Monday, July 2, 2007

Wal-Mart's Eco-Innovation

Innovation. For most of us it is the watchword for propelling our companies forward. Can innovation save the planet? What role does it play in employer branding?

Compact fluorescent bulbs (CFLs) emit the same light as classic incandescent bulbs but use 80% less electricity. If everyone bought just one and screwed it in the place of an ordinary 60-watt bulb, the energy saved would be enough to power a city of 1.5 million people. The typical U.S. house has between 50 and 100 "sockets" (astonish yourself: go count the bulbs in your house). So what if we all bought and installed two bulbs? Five? Fifteen?

As a way to cut energy use, it could not be simpler. While it sounds like a promising idea, it turns out that the long-lasting, swirl-shaped light bulbs known as compact fluorescent lamps are to the nation's energy problem what vegetables are to its obesity epidemic: a near perfect answer, if only Americans could be persuaded to swallow them.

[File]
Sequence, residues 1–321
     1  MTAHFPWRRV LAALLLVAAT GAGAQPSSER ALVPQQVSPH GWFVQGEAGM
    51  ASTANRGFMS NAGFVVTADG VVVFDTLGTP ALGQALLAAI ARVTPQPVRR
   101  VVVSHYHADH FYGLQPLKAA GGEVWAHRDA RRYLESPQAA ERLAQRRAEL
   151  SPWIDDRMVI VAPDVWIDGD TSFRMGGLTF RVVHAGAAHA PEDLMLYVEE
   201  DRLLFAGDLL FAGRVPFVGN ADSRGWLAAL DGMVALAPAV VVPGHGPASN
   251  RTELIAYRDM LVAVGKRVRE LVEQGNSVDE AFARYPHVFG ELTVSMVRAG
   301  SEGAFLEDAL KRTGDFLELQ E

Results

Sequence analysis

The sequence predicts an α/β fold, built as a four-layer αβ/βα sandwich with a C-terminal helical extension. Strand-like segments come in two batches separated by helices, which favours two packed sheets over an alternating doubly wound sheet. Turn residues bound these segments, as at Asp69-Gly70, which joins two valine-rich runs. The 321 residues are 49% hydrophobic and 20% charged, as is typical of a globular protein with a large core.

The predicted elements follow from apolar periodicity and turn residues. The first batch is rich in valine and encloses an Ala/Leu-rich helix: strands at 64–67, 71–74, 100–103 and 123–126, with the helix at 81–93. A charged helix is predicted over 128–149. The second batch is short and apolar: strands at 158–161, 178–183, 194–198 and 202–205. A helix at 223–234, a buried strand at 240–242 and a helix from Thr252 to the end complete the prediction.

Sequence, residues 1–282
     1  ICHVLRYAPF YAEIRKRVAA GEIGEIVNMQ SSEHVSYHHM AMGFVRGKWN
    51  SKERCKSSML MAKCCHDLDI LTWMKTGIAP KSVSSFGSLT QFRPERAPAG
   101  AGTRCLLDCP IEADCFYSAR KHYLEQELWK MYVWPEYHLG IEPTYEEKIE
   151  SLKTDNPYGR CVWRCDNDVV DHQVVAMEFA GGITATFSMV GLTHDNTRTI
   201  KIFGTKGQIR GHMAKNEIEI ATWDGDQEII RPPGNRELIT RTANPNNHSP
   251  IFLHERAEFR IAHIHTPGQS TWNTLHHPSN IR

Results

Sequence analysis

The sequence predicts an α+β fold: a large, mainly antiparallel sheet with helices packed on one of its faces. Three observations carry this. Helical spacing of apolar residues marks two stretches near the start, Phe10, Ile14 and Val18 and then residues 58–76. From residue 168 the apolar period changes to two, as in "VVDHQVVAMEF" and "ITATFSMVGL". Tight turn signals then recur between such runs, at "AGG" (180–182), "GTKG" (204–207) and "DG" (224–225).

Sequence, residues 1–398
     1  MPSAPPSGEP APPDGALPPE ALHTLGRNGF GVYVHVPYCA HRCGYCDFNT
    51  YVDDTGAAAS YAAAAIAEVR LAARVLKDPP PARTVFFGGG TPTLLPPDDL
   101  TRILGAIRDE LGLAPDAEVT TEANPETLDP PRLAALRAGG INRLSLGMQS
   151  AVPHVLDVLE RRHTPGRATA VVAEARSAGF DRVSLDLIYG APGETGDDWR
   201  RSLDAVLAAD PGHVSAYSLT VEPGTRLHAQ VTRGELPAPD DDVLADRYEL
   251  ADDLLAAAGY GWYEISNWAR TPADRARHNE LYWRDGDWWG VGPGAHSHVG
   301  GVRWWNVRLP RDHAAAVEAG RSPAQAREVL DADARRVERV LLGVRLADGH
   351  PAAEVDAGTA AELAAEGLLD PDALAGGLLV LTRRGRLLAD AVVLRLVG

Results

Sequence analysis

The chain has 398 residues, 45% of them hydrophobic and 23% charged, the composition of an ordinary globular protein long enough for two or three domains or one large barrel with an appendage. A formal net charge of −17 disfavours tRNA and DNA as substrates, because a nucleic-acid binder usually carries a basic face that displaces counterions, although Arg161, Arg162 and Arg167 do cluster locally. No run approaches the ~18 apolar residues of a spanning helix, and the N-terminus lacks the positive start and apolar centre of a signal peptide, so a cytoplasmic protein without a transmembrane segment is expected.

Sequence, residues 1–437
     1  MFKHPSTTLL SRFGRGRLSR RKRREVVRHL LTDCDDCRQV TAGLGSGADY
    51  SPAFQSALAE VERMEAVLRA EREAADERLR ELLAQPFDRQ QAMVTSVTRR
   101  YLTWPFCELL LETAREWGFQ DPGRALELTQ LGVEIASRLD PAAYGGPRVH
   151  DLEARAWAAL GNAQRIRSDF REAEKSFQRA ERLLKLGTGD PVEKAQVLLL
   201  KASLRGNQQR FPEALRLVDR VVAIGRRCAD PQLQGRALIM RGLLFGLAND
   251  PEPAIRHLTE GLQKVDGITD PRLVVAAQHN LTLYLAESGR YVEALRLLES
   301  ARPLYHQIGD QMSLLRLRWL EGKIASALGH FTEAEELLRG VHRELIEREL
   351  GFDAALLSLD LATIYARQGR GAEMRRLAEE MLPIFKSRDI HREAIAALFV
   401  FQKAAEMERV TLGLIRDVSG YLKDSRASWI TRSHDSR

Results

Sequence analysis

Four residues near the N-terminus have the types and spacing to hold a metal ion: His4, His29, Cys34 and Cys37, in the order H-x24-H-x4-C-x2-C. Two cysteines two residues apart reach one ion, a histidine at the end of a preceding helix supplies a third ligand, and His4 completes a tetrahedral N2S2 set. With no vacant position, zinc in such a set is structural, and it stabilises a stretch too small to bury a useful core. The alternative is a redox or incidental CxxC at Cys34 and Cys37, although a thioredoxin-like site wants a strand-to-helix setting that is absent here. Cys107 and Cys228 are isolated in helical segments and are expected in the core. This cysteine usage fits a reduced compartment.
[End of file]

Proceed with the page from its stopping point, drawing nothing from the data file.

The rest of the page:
Now, Wal-Mart stores, the giant discount retailer, are determined to push them into at least 100 million homes. Can America’s biggest company, legendary for its salesmanship and influence with suppliers, also be eco-accountable encouraging 200 million shoppers to save energy? What effect will it have on employee relations?

Wal-Mart has been embattled over its workplace policies for sometime, and has had its share of criticism from environmental groups for it business practices. Now the retailer is funding programs like 'Acres for America' which spokeswoman Tara Stewart characterizes as the company's gift to future generations, although skeptics say that the campaign is nothing more than a public-relations ploy . "Wal-Mart thinks it can paint over its record with a nice shade of green, but that won't hide its true colors," says sierra club anti-sprawl-campaign manager Eric Olson.

These moves and its foray into organic foods are part of its strategy to improve Wal-Mart's appeal to the more affluent consumers the chain must win over to keep growing in the united states, all the while promoting and improved employer brand image to employees.
To inspire employees to embrace our corporate mission, we need to have a mission they can believe in and contribute to. Imagine the negative impact on productivity that a negative employer brand image has. Tell people where you work – or be ashamed to – and then try to get inspired to go there every day, much less make a contribution. Corporations are rediscovering the value of positive and visible corporate citizenship. Improving the world we live in while.

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